Anglo American – Higher Prices And Rising Costs Bring Profits Back Down To Earth

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Anglo American plc (LON:AAL) reported full year revenue of $35.1bn, down 15%. Underlying cash profit (EBITDA) fell 30% to $14.5bn. Declines were driven by a fall in production volumes, lower prices for iron ore and copper, as well as higher production costs.

A $1.7bn impairment charge was recognised in association with the Woodsmith project, due to extended development schedule and budget. The new Quellaveco mine delivered its first copper concentrate during the year, with full capacity expected at some point this year.

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Free cash flow fell from $7.8bn to $1.6bn, largely due to lower profits. Net debt rose $3.1bn, ending the year at $6.9bn.

The board declared a final dividend of $0.74 per share, in line with the 40% payout policy. Total dividends for the year were down 60%.

Anglo American's Earnings

Matt Britzman, equity analyst at Hargreaves Lansdown

“Anglo is the latest miner to see its top and bottom line take a hefty hit, but its worth taking a step back and remembering the comparable year, 2021, saw record highs for a range of key commodity prices.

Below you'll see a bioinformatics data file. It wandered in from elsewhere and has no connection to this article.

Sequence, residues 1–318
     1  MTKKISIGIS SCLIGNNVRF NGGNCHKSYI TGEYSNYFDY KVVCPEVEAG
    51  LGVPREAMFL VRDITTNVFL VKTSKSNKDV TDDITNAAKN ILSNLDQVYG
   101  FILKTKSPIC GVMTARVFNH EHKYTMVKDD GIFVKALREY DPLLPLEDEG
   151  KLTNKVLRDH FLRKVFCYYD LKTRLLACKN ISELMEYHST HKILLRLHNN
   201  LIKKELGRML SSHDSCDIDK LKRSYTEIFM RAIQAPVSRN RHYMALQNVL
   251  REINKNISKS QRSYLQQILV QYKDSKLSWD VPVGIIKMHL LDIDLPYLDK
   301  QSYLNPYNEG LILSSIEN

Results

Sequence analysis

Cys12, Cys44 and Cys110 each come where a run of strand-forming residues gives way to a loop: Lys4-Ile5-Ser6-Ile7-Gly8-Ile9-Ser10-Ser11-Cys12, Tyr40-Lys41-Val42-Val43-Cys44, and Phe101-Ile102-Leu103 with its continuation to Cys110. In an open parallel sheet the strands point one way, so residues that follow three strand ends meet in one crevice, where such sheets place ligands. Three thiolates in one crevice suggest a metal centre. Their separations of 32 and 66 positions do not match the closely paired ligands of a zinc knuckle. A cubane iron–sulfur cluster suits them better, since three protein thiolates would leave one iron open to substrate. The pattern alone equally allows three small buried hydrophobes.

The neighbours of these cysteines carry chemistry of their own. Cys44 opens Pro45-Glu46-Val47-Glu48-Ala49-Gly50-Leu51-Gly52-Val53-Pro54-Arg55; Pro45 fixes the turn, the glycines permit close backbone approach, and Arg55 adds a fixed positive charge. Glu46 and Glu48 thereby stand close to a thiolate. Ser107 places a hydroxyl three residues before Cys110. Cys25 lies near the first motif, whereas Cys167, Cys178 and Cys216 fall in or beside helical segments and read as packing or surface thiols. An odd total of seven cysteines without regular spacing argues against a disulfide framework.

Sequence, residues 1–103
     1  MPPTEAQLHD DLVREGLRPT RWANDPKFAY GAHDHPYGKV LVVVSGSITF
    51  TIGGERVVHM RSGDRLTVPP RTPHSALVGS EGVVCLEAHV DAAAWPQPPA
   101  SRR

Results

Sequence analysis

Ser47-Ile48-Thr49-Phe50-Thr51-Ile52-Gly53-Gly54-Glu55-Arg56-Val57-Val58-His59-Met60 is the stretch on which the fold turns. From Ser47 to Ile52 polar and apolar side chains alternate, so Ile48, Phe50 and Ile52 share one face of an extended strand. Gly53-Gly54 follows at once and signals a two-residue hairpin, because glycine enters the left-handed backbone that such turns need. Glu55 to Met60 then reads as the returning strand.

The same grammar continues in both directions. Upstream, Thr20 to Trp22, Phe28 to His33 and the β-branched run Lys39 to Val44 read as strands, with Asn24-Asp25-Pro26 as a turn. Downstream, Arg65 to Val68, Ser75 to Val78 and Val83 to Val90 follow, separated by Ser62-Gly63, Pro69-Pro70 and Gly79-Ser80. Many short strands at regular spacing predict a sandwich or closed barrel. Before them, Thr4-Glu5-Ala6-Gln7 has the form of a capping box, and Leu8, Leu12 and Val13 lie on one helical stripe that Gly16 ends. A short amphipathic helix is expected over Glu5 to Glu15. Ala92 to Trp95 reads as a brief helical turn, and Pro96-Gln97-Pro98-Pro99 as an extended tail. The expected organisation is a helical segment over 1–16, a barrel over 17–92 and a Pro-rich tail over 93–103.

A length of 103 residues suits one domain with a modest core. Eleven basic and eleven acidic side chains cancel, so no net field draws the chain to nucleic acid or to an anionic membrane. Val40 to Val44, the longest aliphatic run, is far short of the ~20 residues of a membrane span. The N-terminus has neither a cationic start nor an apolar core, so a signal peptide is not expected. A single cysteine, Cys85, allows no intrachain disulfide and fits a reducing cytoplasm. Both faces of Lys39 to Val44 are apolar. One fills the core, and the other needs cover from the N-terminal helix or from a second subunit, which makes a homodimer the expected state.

At current levels, prices are still plenty high enough for miners like Anglo to make a good chunk of cash. Return on capital employed of 30% over the latest year was double the groups through the cycle target of 15%, so times are still good.

Looking to the future, it’s pleasing to hear positive news from the groups latest copper project, the Quellaveco mine in Peru. First production began last year and it’s ramping up, expected to reach full capacity over the course of this year.

News was less positive for the Woodsmith project, where a $1.7bn impairment charge was taken considering an extended development schedule and budget. It’s never ideal to see delays, but we’re still supportive of the project and the exposure to crop nutrients should add a further level of diversification to income streams.”